In this article, we will explore various wireless technologies used in IoT applications. We will analyze the capabilities of 3G, which utilizes cellular lines to transmit data, as well as SigFox, which offers increasing coverage. Additionally, we will discuss the benefits of Wireless M-Bus for applications requiring a dedicated network infrastructure or coverage in hidden areas such as tunnels.
Standard: GSM/GPRS/EDGE(2G), UMTS/HSPA(3G), LTE(4G)
Range: 35Km max for GMS, 200Km max for HSPA (Depending on ISP)
Data Rates (typical download): 35-170kps(GPRS), 120-384kbps (EDGE),384kbps-2Mbps(UMTS), 600kbps-10Mbps(HSPA), 3-10Mbps (LTE)
Power Consumption: 580mA during transmission (depends signal quality)
For IoT applications that require long-distance data transmission, GSM/2G/3G can be a suitable choice. The cellular lines offer a substantial bandwidth. However, it is important to consider the high subscription costs and power requirements associated with these technologies. NI2400 and NI400 devices transmit a low amount of data, typically sensor readings, but the necessary bandwidth is generally low. Therefore, these technologies can provide efficient and effective wireless solutions for IoT monitoring systems, emphasizing low power consumption.
By understanding the capabilities and features of wireless IoT technologies, businesses, and organizations can make informed decisions when implementing smart IoT applications. These technologies offer viable solutions for various monitoring systems, enabling the seamless integration of IoT technologies into existing infrastructures.
Frequencies: 868MHzISM Frequency
Range: Long Range (30-50Km (rural environments), 3-10Km (urban/noisy environments))
Data Rates: 10-1000bps
Ultra Narrow Band: few seconds transmission for a maximum of 140 times per day (12bytes payload)
Devices’ frequency stability
Low Band Pass: 100bit/sec (perfect for IoT short messages)
Sigfox receiver: UNB Technology with Cognitive SDR – 140dBm (5-20Km range) and handles 3000000 devices.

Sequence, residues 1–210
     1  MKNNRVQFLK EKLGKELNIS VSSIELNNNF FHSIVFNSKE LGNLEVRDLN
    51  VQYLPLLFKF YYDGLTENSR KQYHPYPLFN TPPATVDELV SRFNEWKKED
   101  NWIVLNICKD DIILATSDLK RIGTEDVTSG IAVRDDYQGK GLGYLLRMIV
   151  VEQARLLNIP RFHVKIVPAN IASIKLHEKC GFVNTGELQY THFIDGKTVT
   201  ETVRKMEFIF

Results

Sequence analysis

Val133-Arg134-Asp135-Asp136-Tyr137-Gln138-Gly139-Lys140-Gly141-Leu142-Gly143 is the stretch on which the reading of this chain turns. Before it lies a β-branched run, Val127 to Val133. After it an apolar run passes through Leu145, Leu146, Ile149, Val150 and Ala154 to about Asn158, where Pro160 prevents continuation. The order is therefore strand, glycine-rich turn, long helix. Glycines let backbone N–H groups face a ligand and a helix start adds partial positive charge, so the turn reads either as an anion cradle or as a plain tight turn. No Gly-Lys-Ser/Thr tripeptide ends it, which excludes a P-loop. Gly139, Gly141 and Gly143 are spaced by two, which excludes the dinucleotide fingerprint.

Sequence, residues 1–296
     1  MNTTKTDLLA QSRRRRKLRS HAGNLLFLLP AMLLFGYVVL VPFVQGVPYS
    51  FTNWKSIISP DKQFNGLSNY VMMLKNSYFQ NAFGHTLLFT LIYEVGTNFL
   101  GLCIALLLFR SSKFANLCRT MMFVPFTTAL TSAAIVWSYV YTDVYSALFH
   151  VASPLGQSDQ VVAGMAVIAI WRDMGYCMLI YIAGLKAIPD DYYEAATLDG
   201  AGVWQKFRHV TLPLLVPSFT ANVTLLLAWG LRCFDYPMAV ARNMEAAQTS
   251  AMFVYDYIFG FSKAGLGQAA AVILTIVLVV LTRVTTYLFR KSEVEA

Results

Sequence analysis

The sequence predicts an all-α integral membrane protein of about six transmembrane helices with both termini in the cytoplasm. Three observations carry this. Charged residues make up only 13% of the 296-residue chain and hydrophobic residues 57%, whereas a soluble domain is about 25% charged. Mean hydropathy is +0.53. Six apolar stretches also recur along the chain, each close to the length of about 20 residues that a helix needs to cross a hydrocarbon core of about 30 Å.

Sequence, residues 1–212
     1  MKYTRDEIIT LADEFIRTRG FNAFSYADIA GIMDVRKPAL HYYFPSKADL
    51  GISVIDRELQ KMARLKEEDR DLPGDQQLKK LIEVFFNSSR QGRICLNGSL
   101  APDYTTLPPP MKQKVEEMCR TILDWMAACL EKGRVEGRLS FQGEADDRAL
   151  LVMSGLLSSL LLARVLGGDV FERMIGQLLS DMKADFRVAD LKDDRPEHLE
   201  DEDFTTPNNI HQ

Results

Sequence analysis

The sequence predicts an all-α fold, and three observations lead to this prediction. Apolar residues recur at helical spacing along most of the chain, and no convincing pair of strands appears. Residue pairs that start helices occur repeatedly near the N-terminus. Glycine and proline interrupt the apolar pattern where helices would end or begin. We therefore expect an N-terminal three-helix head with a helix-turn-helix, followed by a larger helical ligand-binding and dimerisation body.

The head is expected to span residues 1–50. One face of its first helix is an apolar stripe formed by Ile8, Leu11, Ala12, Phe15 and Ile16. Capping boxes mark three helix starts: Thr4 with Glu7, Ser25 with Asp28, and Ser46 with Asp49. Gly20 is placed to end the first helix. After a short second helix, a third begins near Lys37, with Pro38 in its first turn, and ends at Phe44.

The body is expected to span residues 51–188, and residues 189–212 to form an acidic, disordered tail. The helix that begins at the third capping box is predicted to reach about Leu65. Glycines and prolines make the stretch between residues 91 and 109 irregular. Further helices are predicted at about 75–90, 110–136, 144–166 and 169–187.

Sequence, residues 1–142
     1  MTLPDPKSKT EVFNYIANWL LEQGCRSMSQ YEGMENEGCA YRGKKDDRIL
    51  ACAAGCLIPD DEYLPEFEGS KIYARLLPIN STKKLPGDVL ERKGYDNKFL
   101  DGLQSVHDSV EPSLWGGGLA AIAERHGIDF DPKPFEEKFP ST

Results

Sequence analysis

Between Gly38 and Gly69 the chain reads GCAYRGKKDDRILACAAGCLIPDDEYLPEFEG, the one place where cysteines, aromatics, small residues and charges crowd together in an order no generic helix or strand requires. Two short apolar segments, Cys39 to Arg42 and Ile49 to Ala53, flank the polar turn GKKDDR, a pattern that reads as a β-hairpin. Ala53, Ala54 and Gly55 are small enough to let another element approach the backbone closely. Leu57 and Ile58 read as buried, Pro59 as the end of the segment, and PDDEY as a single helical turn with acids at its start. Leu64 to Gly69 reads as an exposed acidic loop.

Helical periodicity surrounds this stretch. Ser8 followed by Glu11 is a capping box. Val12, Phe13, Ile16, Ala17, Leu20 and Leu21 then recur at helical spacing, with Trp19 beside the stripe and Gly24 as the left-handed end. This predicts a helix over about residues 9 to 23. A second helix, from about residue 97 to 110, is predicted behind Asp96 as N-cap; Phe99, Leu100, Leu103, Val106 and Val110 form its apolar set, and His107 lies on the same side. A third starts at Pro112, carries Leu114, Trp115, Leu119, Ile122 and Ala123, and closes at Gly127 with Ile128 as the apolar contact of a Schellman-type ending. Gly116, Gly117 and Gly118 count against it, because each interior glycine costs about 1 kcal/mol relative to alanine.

Power Consumption: 61mA during transmission
SigFox is positioning itself as a bridge between Wi-Fi and cellular networks. It caters to applications that only require small data transfers, like NI400 datalogger, and need to operate on battery power for extended periods. Using the license-free ISM band, SigFox envisions a network where many machine-to-machine applications can operate on a small battery and transmit minimal data. This technology is expanding rapidly, already reaching 24 countries including France, Spain, Portugal, the UK, and the US.
M-Bus – Wireless
One/Two Way Narrowband VHF
Optimized for narrowband and long range (5Km in line of sight)
Power Consumption: 485mA during transmission
The 169MHz WM-Bus is a wireless version of the M-Bus standard specifically designed for remote readings of gas and electricity meters. It has become a European standard (EN13757) and was primarily developed for utility meter readings, such as monitoring household electricity consumption.
M-Bus is also commonly used in alarm systems, smart illumination systems and other application which require low power consumption and sturdy communication protocol.
|Sigfox provides the radio infrastructure, no need to create one.
|Using cellular line avoid the cost of your own radio infrastructure.
|You need to create your own radio network, with at least a gateway in reach of the transmitters.
|Medium high, SigFox network is expanding
|Yes – FTP, eMail
|Need external modem 2G/3G
|61mA during transmission
|580mA during transmission
|485mA during transmission
|Lone measure points (1 or 2 channels) Infrequent measures Building monitoring Smart City Smart Agricolture Smart Environment Smart Water
|Lot of aggregated measure point Frequent measures FTP Dams monitoring Structural monitoring Smart City Smart Environment Smart Water
|Up to 4 channels if low power is needed. No sigfox coverage Tunnels, industrial plants, pipe monitoring Smart City Smart Environment Smart Agricolture Structural monitoring Smart Water Smart Piping